LifeLines India leverages a mix of internet and telephone technologies to provide demand-based information, advice, and guidance to remote and rural communities in India through the medium of "voice, in the local language and within 24 hours." It consists of two services: LifeLines Agriculture and LifeLines Education. Formed in September 2006 under the founder partnership of British Telecom, Cisco Systems, and OneWorld, LifeLines Agriculture is an interactive voice response (IVR)-based helpline for farmers of two agro-climatic zones: Lucknow in Uttar Pradesh and Uttarkashi in Uttarakhand. Launched in September 2008, LifeLines Education first tested proof of concept with an implementation in West Bengal supported by the United States Agency for International Development (USAID). The service was thereafter adopted by Government of Rajasthan and supported by the United Nations Children's Fund (UNICEF), for implementation in all 33 districts of the state of Rajasthan under the aegis of the Sarva Shiksha Abhiyan (SSA). The purpose of Lifelines India is to facilitate exchange of critical and timely information using the power of voice as the primary means of knowledge dissemination and information exchange.

Communication Strategies: 

LifeLines is an information and communication technology (ICT) initiative providing communities with access to a network of global expertise and a repository of context-specific knowledge. This question-and-answer (Q&A)-based service is available on both fixed-line/mobile phones, as well as on the internet.

For LifeLines Agriculture, the user dials the designated LifeLines number using a landline or mobile phone. Primarily, the LifeLines Agriculture helpline is run in the Hindi language, while people can ask questions in local dialects, too. The call first reaches the IVR system of the service, where the user is assisted by a voice menu to register his/her query. The query asked by the user is stored as a voice clip in the LifeLines' database server. At the backend, a knowledge worker (KW), responsible for processing the queries, logs in to the application through the web interface and views all the queries that have been registered in the system. The KW first looks up answers to these queries in the system's frequently asked questions (FAQs) database of over 600,000 queries. These can be looked up based on voice commands - that, too, in local language. If available in the database, the required answer is attached to the query in the form of a voice clip; otherwise, the KW forwards the query to relevant experts for answer. Once the query is answered by the expert, the LifeLines application alerts the KW. The KW then retrieves the answer from the expert and saves it as a voice clip in the FAQ database. This answer is then played back when the user calls the service for the answer to his query. The user can also retrieve the answer in text format from his / her village information centre. Furthermore, the system also allows the users to send photographs along with their queries for the experts' opinion. For instance, farmers can send pictures of their crops and cattle when they ask queries.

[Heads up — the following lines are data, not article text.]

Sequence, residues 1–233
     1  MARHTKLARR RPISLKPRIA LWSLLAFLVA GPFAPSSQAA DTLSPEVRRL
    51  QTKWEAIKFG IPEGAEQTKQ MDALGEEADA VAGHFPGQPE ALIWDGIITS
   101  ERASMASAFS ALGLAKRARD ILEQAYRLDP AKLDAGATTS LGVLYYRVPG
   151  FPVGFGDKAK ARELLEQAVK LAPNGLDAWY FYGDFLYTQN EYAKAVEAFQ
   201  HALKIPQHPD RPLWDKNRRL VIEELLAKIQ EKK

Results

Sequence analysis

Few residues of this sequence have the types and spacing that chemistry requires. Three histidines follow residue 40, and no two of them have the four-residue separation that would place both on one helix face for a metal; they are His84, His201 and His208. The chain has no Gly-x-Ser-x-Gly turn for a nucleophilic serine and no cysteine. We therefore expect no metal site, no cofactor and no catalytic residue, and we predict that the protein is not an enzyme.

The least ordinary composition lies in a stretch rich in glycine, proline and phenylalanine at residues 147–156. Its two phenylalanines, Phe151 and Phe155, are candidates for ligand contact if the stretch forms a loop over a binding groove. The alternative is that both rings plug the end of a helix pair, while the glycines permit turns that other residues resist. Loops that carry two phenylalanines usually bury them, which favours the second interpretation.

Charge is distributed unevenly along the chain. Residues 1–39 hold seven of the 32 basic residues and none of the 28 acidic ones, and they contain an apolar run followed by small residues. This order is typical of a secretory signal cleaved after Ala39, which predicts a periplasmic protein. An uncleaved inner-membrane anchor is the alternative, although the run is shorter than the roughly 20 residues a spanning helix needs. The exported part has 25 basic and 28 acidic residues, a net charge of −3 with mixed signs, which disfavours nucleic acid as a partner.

Similarly, LifeLines Education enables access to academic guidance and paedagogic advice to rural school teachers across Rajasthan - with the goal of aiding them in course of their day-to-day teaching-processes in the classroom, and helping improve the quality of learning for their students. As part of the West Bengal pilot, rural elementary schoolteachers were provided with academic support and instructional training, as well as mobile phones. The adaptation of the Lifelines India model for educational purposes was carried out under the auspices of the Quality Education and Skills Training (QUEST) Alliance, part of the International Youth Foundation (IYF)'s regional initiative, Education and Employment Alliance (EEA).

Lifelines Education aims to link teachers with training resource persons, subject matter experts, and field-level educational administrators. As with LifeLines Agriculture, the teacher dials a designated toll-free number and is guided by its local language voice response system (IVRS) to record his/her query. The system generates an ID in response to the query; this ID is used by the teacher to retrieve his/her answer when she calls the service the next time. Teacher queries are answered within 24 to 48 hours - by phone or email - by a qualified panel of experts. Every query after being processed goes into an FAQ databank, building up the knowledge base in the system and also aiding future reference. At a later phase, the service may enable collaborative knowledge development in the system, whereby teachers will also be able to respond to relevant queries posted and add to the information that comes from the experts. Local language interaction in voice mode is designed to enable the teachers to easily and proactively use the service.

Development Issues: 

Agriculture, Education, Technology.

Key Points: 

As of May 2016, LifeLines Agriculture reaches out to a total of 1,000 villages of India. The service has has benefited over 150,000 farmer households, and more than 350 queries are received from farmers on a daily basis. LifeLines Education reaches over 450,518 primary and upper primary teachers in more than 100,000 schools in Rajasthan.

Partner Text: 

British Telecom, Cisco Systems, OneWorld, QUEST, Vikramshila Educational Society, British Telecom (BT), USAID, UNICEF, SSA.

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Source: 

>ShareIdeas website and EEA India page on the EEA website - both accessed on October 31 2008 but no longer in operation; posting by Tej Prakash to the Community Media Network on The Communication Initiative platform, April 30 2016; and Lifelines website, May 2 2016.